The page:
A 49-year-old, right-handed man was diagnosed with relapsing-remitting MS in 2005. The diagnosis of MS was established by clinical, MRI, and CSF criteria. He was being treated with natalizumab since 2008. Eight months before admission, dalfampridine had been introduced, and he responded with improved walking speed. In June 2011, he was brought to the emergency department after his roommate witnessed several generalized tonic–clonic seizures. His outpatient medications included dalfampridine, natalizumab, morphine sulfate, and tizanidine. He had no previous history of seizures, CNS infections, head trauma, or renal insufficiency. There was no family history of epilepsy. He had a remote history of cocaine abuse 5 years earlier.
The status epilepticus was initially treated with lorazepam and fosphenytoin; but the seizures persisted, requiring that the patient be intubated for airway protection and placed on a propofol infusion, which led to clinical and electrographic cessation of seizures. Phenytoin was started for maintenance, and dalfampridine was withdrawn. MRI of the brain with gadolinium revealed extensive periventricular and juxtacortical white-matter lesions, but no new T2 hyperintense lesions or contrast-enhancing lesions. Serology including electrolytes and creatinine was within normal limits. Cerebrospinal fluid was also normal, and PCR for the JC virus was not detected.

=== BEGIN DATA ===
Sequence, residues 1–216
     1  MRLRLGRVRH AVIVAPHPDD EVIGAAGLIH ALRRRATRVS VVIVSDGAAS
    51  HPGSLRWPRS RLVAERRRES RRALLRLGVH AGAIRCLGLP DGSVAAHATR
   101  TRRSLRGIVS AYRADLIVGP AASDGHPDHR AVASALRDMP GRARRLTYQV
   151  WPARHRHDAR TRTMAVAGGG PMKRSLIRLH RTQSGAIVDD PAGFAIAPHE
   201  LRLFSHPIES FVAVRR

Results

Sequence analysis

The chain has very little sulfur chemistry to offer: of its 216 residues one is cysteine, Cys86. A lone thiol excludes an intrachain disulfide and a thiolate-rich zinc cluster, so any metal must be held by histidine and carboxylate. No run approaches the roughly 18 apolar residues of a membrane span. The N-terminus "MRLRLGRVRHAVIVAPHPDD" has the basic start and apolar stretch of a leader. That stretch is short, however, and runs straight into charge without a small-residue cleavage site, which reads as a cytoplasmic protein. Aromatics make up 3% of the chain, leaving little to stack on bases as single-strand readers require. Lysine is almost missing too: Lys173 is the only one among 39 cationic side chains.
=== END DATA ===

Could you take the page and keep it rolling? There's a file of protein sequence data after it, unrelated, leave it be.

Urine toxicology was positive for cocaine and cannabis, and the patient admitted to smoking marijuana laced with crack cocaine before presentation. Two consecutive EEGs showed bilateral fronto-central sharp waves within a disorganized background, so antiepileptic drug therapy was switched to levetiracetam. He was discharged to a rehabilitation facility. Two months after discharge a repeat EEG did not show epileptiform activity. He complained of irritability on the levetiracetam, so he was switched to lamotrigine. Six months later, he remains seizure-free and has continued to abstain from cocaine use.